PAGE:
Three o'clock, P. M., our regiment was paraded and reviewed by Col. Dayton and the Commissioners from the State of New Jersey, viz: Cols. Dey and Symmes, with Capt. Kinney from Nor. ristown, who inuch applauded the regularity and alertness of the men after such a fatiguing march. After we had gone through, the square was formed and the Colonel addressed the soldiers in a very kind manner; sympathized with them in their want of clothes and other necessaries, but painted before them the glory and honor they would acquire by pushing forward amidst all their difficulties in defence of their country, and for the destruction of our enemies—which so animated the men that every person gave three hearty cheers upon being told we must march tomorrow for Ticonderoga, in order to assist in driving Burgoyne from Crown Point, where they are now landed, and have sent for a surrender of the Fort to them, which would not be granted. God grant we may be able to defend it to the last.

The officers were all assembled' in the evening with the Con. missioners, who informed us of their business—which was to see who amongst us were willing to continue in service under the new establishment of a standing army during the war-when the ques. tion being put, all agreed except Capts. Porter, Reading and Sharp, and Lieuts. Flanningham and Quimby; and myself, who offered as surgeon or mate.

Saturday, October 26th, 1776.--Got up and began, after buying a few necessaries, to prepare for our march, which we set out about 10 o'clock and marched down to the ferry, where we crossed the Mohawk River, about 4 miles below Schenectady. After getting dinner, Col. White, Dr. Dunham, Capt. Bloomfield and Lt. Gifford, who marched with us, set out and pursued their march, leaving me to bring up the rear of our wagons which were not over the river; whilst Col. Dayton, Vajor Barber, Capts. Potter's and Sharp's Companies came over, and about sunset, I hav. ing got all the wagons over, marched on about 4 miles; and it being dark put up in a little house, where I laid on the naked floor.

Sunday, October 27th, 1776.—Got np very early and pursued on after the company, which I overtook 4 miles forward at widow People's, where the Albany and Schenectady roads meet, 4 miles from Half Moon, where we got breakfast; and I having no or. ders from Col. Dayton, stopped the company until we should hear from him,—who came after us about 11 o'clock, and we pursued on to Stillwater, 8 miles forward. Here we took dinner with the Colonels, &c.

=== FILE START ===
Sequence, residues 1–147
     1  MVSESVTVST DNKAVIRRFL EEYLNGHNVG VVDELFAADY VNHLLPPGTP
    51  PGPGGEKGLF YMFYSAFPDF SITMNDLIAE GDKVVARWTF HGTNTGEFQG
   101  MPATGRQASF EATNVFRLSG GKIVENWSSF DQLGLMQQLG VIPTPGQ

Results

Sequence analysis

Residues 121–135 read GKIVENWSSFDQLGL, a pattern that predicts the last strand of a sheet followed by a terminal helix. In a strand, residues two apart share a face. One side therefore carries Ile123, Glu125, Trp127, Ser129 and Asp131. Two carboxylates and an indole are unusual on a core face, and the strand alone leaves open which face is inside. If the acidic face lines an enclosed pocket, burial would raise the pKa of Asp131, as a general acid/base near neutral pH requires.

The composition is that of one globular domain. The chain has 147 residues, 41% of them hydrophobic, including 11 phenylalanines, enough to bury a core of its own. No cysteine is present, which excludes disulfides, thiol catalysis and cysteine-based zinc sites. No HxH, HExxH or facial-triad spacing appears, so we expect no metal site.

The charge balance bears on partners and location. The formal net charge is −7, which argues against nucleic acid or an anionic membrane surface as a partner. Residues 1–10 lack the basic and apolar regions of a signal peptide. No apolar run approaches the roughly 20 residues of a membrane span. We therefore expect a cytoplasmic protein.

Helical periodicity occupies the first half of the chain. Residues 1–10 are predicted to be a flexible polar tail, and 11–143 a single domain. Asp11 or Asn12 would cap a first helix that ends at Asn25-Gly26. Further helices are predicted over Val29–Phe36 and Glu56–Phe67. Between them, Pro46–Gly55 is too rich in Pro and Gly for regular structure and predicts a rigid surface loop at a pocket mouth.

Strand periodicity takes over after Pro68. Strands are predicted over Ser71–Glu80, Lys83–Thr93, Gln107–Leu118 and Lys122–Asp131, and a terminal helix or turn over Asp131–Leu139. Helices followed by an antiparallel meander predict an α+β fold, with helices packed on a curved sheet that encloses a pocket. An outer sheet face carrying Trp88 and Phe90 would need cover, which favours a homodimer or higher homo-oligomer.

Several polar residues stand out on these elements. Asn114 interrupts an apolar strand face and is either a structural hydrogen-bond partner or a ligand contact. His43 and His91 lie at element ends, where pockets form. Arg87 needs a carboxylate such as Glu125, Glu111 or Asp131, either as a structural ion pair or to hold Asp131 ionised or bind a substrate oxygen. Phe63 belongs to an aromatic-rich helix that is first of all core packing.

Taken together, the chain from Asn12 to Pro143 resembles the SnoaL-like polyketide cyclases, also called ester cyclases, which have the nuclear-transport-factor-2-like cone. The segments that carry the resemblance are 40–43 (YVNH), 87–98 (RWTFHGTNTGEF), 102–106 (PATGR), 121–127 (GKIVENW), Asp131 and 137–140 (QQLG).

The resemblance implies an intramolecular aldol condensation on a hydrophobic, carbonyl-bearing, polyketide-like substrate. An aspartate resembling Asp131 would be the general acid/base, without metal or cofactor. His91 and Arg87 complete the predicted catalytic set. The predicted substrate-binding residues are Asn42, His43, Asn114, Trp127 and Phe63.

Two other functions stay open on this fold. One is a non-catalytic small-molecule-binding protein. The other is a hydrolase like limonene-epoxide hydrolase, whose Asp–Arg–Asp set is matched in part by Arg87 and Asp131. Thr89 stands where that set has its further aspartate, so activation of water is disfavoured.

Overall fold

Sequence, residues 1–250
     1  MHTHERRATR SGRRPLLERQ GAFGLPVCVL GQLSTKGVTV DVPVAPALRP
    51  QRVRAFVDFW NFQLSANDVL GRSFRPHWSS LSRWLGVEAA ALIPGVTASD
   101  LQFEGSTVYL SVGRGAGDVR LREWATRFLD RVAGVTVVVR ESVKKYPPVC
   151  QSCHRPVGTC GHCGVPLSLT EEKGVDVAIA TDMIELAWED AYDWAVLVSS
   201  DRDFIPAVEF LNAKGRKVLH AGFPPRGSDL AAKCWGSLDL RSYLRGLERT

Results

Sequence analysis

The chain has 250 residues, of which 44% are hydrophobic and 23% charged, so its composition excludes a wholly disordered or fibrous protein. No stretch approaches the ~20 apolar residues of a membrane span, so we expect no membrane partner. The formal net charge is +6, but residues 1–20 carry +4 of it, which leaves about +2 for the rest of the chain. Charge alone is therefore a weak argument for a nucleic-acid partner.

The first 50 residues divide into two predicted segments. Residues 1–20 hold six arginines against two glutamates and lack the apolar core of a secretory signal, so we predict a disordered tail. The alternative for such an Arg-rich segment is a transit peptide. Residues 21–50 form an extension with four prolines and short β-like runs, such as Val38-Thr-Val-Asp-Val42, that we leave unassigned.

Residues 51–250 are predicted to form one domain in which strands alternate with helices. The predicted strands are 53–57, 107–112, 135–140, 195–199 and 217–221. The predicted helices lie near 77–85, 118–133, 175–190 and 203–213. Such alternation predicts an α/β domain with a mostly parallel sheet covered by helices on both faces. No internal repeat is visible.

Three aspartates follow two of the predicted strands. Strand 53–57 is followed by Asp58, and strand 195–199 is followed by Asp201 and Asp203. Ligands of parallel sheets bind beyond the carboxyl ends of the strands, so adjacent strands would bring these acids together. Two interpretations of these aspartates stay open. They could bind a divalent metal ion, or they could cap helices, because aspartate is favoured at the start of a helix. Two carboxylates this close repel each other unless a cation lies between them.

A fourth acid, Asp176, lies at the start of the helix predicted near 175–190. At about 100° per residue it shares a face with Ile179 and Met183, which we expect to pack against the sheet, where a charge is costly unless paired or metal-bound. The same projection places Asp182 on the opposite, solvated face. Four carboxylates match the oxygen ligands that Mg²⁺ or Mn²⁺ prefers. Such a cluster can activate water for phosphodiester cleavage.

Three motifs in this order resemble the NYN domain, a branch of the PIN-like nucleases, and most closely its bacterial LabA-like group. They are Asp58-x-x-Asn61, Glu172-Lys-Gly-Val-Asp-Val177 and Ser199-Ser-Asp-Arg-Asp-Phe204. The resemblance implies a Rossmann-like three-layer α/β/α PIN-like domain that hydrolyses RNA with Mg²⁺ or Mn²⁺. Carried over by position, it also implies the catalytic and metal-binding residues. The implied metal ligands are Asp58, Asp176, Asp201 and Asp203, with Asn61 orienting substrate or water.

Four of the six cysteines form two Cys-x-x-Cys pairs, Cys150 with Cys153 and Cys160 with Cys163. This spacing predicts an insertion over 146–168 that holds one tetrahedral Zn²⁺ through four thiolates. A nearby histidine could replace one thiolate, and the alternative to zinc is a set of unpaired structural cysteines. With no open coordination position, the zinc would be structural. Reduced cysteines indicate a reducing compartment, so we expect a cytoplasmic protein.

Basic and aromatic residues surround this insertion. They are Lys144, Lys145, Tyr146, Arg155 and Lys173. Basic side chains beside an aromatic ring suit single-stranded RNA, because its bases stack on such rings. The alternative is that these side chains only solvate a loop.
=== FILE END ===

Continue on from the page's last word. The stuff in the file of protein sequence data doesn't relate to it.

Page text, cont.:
A Lieutenant of one of the Pennsylvania Regiments being coming down the road, cut his throat at this place last night, but I could not get any information of the cause thereof. IIere the Colonel received a letter from Gen. Schuyler, which seemed to hint that we should be ordered back, and that we should halt till it be determined ; upon which the Colonel rode up to the Genral's farm at Saratoga, where he is now, 12 miles off, to know; ordering us to get the best quarters we could on the road, upon which we marched about 2 miles and put up. Expenses on the road Ss. Men in barns, &c.

Report came here this evening that the Regulars have all left Crown Point, and gone back, it is supposed, to St. Johns and Montreal.

We have been exceedingly favored with good weather this March, which still continues. God be thanked for the same, as the blessing is much more valuable on account of our want of shoes and other clothing.

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Monday, October 28th, 1776.-Lay waiting for some time to get orders, when the Major came with orders for us to pursue our march, which we accordingly did until we arrived at the General's farm at Saratoga, where he was, and we marched by in the most pompous order, and proceeded on to where the barracks are building, about a half mile past. The farm lies on the North River by the side of the stream which puts out of Saratoga Lake. We drew one day's provision, which detained me along with a few men who staid with me until the evening, and then we went on and overtook the company at the ferry, 2 miles up, and there we staid all night-the Captain and Col. White were gone over the river. Lts. Flanningham, Gordon, Anderson and myself held a small Indian cantico.

Tuesday, October 29th, 1776.—The report of the evacuation of Crown Point proved to be altogether false.